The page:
Jan 272013

It was not so long ago that we had to exchange our old box televisions for flat-screens.   And then there were the endless upgrades to high definition and screens that could show 3D images.   But it seems it could all have be in vain as the technology is already out of date through the arrival of the 4K picture.

The ultra-high quality definition is four times as sharp as standard quality high definition and is close to that viewed only in an Imax cinema.   However, for those wishing to view the latest picture in their own living room, they must have plenty of room available for the 84inch screen and plenty of spare cash.   Sony has brought out a model that is more than 7ft wide and can play the new technology. Costing £25,000, only Harrods in central London currently sells the television.

The giant screen can convert ordinary television into 3D, and comes with five pairs of glasses for viewing the pin-sharp images.   Even without 3D, the ultra-high definition images are 16 times sharper than those on a normal television.

Experts say the television’s picture is so technologically advanced that few broadcasters can yet take advantage of its full potential.

It may also solve family arguments. The screen is so large that it can be split, allowing viewers to watch two movies at once – and it has voice-activated and motion controls, putting an end to fruitless searches for the remote.

Those preferring something more discreet might wish to wait for the 65-inch version or even the dinky 55-inch, which will be in the shops this summer.

The emergence of 4K comes as the BBC is preparing to film it’s next meerkat natural history programme using the new technology.   The series, being made by the BBC’s Natural History Unit in Bristol, will show how animals go through the same basic life stages as humans.   ‘We are looking at six ages of man as seen through animal lives,’ Mike Gunton, creative director of the NHU, told The Independent.   ‘It’s looking at the trials and tribulations that animals face at different stages of their lives and how different species have different solutions – from birth, to growing up, to adolescence, to finding their first home, to finding their place in the social hierarchy, to getting a mate and finally having offspring of their own.   ‘There’s a new reality which those images give. I think it makes the images more engaging. You feel you can almost touch them and get into the heads of the animals.’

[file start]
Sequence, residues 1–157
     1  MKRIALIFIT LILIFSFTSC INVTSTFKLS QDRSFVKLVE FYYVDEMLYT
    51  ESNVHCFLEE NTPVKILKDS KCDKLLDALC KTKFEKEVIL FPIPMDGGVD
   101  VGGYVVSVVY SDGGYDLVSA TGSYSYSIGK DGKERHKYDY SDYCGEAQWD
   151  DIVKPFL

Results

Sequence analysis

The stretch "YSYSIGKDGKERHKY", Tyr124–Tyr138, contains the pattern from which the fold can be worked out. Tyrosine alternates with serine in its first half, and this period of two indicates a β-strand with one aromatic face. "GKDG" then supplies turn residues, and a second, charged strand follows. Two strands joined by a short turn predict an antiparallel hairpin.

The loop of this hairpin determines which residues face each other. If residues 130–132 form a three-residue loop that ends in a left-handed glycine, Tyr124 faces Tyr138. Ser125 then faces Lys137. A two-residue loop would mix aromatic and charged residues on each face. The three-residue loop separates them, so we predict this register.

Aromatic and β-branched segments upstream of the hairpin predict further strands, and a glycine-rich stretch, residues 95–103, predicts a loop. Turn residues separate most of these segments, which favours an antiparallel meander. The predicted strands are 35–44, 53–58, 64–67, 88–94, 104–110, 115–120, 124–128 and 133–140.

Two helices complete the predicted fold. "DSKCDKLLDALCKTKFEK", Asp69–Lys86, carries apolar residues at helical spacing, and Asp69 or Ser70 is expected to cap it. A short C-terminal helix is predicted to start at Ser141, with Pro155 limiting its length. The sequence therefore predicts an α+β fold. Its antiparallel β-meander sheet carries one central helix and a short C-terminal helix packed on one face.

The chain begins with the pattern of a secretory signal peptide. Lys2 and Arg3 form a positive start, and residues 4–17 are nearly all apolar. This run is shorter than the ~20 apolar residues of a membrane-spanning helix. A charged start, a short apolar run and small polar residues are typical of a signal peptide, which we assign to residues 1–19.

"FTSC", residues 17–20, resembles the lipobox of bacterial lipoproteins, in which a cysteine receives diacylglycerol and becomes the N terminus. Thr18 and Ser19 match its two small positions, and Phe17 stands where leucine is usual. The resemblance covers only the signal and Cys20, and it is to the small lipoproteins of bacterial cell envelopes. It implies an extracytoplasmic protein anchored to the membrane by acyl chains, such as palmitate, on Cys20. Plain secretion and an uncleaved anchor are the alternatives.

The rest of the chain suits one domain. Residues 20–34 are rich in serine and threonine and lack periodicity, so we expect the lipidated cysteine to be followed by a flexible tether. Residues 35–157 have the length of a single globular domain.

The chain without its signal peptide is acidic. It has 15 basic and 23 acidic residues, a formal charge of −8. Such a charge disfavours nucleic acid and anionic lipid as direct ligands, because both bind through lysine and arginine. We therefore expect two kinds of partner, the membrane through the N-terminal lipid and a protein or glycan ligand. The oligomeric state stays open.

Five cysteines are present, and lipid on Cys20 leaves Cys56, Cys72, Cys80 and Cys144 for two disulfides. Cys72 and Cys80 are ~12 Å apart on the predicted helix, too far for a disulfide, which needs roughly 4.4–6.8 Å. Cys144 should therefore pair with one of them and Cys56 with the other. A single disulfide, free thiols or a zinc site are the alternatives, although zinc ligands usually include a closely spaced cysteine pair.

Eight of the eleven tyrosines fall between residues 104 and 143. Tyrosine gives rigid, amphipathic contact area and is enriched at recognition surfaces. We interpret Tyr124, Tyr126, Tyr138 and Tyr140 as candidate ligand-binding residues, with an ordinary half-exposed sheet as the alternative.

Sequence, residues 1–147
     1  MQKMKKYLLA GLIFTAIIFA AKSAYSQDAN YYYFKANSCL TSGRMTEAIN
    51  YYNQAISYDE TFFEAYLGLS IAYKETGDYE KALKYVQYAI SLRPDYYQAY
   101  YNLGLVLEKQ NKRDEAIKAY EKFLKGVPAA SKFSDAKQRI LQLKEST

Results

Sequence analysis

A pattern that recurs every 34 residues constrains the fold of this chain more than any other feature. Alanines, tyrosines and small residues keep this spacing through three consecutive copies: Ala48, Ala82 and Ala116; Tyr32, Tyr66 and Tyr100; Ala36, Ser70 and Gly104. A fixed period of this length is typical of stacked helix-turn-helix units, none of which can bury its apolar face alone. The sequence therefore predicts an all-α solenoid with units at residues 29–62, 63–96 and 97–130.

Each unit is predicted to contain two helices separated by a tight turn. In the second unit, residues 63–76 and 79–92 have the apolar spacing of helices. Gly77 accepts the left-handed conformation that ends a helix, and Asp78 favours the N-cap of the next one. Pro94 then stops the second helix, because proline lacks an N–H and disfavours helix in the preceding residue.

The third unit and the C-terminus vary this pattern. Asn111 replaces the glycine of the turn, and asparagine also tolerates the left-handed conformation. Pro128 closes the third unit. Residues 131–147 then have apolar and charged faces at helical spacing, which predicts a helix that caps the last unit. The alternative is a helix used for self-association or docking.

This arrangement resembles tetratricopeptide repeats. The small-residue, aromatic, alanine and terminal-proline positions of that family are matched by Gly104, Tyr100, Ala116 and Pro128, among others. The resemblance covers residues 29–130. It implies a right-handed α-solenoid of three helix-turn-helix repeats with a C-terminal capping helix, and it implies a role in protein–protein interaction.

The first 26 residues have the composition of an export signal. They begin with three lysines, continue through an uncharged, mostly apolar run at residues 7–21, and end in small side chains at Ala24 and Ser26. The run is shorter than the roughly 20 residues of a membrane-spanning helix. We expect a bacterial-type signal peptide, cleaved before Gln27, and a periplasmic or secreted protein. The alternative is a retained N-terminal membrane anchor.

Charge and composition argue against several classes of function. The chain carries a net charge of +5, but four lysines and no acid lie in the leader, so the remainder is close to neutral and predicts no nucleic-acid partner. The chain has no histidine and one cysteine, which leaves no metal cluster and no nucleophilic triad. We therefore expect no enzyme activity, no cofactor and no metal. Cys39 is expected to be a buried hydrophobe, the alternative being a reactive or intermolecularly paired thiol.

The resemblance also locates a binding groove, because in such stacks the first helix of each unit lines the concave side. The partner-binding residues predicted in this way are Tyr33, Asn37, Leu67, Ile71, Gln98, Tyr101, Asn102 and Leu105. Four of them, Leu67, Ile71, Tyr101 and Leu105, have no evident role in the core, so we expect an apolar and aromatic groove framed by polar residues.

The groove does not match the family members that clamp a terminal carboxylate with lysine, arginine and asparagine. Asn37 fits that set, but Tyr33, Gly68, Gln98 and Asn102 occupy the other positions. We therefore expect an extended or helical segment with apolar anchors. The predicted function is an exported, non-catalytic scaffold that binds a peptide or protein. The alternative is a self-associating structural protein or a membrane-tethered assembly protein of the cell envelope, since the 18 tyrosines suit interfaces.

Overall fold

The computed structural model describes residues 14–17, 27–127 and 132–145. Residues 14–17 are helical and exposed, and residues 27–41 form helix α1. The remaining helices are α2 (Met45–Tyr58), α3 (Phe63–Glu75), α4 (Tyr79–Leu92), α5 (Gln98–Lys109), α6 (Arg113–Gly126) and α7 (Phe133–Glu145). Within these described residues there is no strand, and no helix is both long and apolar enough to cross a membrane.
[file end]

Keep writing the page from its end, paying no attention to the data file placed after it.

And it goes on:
Jan 132013

British Eurosport will be the only place to see extensive live daily coverage of the 2013 Australian Open as the BBC scales back its coverage further.

After limiting their live coverage of the Australian Open to the semi-finals and final in 2012, the BBC have reduced their TV coverage further this year with only the men’s & women’s finals scheduled for live broadcast on BBC Two. The reduction in the BBC’s coverage of the event sparked angry reaction from fans last year.

British Eurosport’s unrivalled coverage will start on Monday 14 January and include over 300 hours across both channels with live action on British Eurosport HD and British Eurosport 2 HD. Tennis fans can also catch up on the day’s play with daily and evening highlights while online viewers can access live streams from up to seven courts and comprehensive video on demand via Eurosport Player.

BBC Two’s live coverage of the men’s and women’s final will be presented by Sue Barker with Andrew Castle and John Lloyd on Saturday 26 & Sunday 27 January.

Australian Open 2013 (14 – 27 January)

British Eurosport coverage

– Daily live coverage (14-27 January) throughout the tournament on British Eurosport HD, British Eurosport 2 HD & Eurosport Player from midnight daily.

– The only place to follow Andy Murray’s progress through the tournament

– Daily Eurosport Tennis Magazine ‘Game, Set & Mats’

– Daily and evening highlights

BBC TV coverage

– Live coverage of women’s and men’s single final only

– Saturday 26 January – Women’s singles final, 8:25am live on BBC Two

– Sunday 27 January- Men’s singles final, 8:15am live on BBC Two

Dec 012012

With all the talk of new satellite signals, and potential loss of UK satellite TV channels in Spain, once again, there is talk that restricting TV signals from one EU country to another is against EU rule / law.

The “rule” often quoted is the “Television Without Frontiers” Directive.

Unfortunately, many people (and installers!) take the title too literally.

And this “Television Without Frontiers” Directive was actually never law – however its updated version “Audio Visual Media Service” Directive is.

The directive provides guidance as to how to standardize the rules regulations and governing of European broadcasters.

For example, how many minutes of adverts are allowed in an hour, rules on product placement and rules on violence on TV during hours when children may be watching.

There is nothing in this EU Directive that states that people should be able to watch all of their own language television channels in any member state. Perhaps they are getting confused with the section that states that EU countries cannot block transmission from other EU countries?

However, there is a rule under the EUs Freedom of Information, which says that all EU members should have the right to access news and information in any EU country in their own language. It could be argued that this particular rule is actually complied by the UK by channels like BBC World News, and Sky News International, which are available for free around the EU, on “small” satellite dishes.

So, despite what you may hear or be told, there is no EU rule or law that states all EU countries TV channels must be available for free, with easy reception, to all other EU countries.